Let’s take a quick look at some of the main Brazilian coffee areas in more detail:
Minas Gerais is the biggest coffee-growing state in Brazil and includes growing regions such as Cerrado, Matas de Minas, Mogiana, and Sul de Minas. Nearly half of all Brazilian coffee is grown here on small farms usually no larger than 100 hectares. Here, you’ll find farms producing some of the country’s most recognisable coffee brands and names such as Mundo Novo, Icatu, Obatã, Catuaí and Catuaí Rubi.
These varieties are grown at altitudes between 800m and 1300m, across lands that are defined by valleys with consistent mild temperatures and forested areas with warm and humid climates. Coffee produced in Minas Gerais tends to be medium to full-bodied, with a natural sweetness and fruity flavour.
Our Santos coffee hails from this region and is home to the Port of Santos - the leading coffee exporting area of Brazil. São Paulo’s land is rugged, hilly and typically described as uneven. Its climate is mild, with temperatures averaging 20 degrees across the year. The coffee grown here is known for having a balanced and sweet flavour profile.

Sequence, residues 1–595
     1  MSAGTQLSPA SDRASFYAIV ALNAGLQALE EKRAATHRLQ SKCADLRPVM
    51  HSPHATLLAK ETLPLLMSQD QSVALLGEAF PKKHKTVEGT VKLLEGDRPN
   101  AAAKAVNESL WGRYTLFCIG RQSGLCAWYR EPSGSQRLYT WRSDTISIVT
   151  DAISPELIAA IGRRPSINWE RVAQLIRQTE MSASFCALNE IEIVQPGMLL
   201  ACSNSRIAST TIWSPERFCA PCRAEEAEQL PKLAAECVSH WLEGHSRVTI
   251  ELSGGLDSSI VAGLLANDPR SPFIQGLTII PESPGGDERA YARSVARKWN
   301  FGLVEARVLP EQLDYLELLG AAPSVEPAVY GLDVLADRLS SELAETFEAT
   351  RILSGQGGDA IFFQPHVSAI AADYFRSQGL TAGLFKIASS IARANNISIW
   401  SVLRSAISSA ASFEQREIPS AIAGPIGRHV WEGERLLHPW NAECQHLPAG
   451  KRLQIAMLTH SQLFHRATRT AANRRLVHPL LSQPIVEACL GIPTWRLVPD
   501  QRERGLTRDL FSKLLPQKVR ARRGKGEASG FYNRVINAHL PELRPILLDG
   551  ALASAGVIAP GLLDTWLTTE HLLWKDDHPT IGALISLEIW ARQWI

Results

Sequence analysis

Exclusively dedicated to growing coffee of the Robusta variety, Rondonia has a very tropical climate, with temperatures averaging out at 26 degrees. The Conilon (Robusta) beans are grown at low altitudes and have an earthy flavour with a somewhat nutty aftertaste. Typically coffees from this area, which are robust with intense flavours, end up as dark roast coffees and are great for espresso blends.
Why is Brazilian coffee so special?
When it comes to coffee in Brazil, coffee producers take the growing, drying and exporting of their coffee very seriously. When it comes to processing their coffee harvest, the best Brazilian coffee farmers go to great lengths to invest time and effort into making sure their methods produce the highest quality, best tasting coffee.